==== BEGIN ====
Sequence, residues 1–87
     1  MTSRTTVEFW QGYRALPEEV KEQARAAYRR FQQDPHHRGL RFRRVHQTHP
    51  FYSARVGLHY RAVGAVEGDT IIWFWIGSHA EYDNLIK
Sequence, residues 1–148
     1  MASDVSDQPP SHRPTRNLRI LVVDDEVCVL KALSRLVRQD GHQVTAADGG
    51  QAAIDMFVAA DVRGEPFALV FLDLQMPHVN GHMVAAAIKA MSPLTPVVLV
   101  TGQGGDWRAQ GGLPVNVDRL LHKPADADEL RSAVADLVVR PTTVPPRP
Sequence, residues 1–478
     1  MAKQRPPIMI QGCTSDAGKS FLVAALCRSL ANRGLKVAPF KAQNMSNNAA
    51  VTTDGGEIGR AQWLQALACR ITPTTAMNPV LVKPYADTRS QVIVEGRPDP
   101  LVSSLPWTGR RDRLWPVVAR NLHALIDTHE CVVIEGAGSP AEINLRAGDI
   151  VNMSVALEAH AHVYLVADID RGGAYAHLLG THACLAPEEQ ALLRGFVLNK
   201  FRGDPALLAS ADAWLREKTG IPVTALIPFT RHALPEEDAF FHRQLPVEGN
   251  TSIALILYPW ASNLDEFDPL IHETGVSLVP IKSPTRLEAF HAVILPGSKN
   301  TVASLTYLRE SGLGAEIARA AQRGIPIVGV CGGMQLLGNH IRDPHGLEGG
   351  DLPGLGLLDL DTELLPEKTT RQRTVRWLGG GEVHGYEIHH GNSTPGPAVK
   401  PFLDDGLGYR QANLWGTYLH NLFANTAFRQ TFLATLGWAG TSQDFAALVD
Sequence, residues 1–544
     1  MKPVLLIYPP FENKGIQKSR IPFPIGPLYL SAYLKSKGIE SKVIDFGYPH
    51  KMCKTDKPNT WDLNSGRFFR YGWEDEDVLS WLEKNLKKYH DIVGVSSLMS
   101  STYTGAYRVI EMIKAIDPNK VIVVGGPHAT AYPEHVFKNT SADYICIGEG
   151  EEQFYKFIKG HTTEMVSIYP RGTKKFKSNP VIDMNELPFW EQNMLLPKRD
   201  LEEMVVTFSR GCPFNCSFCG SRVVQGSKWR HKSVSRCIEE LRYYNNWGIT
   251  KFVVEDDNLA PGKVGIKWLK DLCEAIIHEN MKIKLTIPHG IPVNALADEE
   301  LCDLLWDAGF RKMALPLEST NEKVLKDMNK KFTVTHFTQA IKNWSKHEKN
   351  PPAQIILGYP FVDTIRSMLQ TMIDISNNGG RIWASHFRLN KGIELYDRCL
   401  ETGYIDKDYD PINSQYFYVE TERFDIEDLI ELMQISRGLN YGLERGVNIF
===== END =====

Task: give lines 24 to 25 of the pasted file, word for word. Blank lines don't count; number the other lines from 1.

   251  KFVVEDDNLA PGKVGIKWLK DLCEAIIHEN MKIKLTIPHG IPVNALADEE
   301  LCDLLWDAGF RKMALPLEST NEKVLKDMNK KFTVTHFTQA IKNWSKHEKN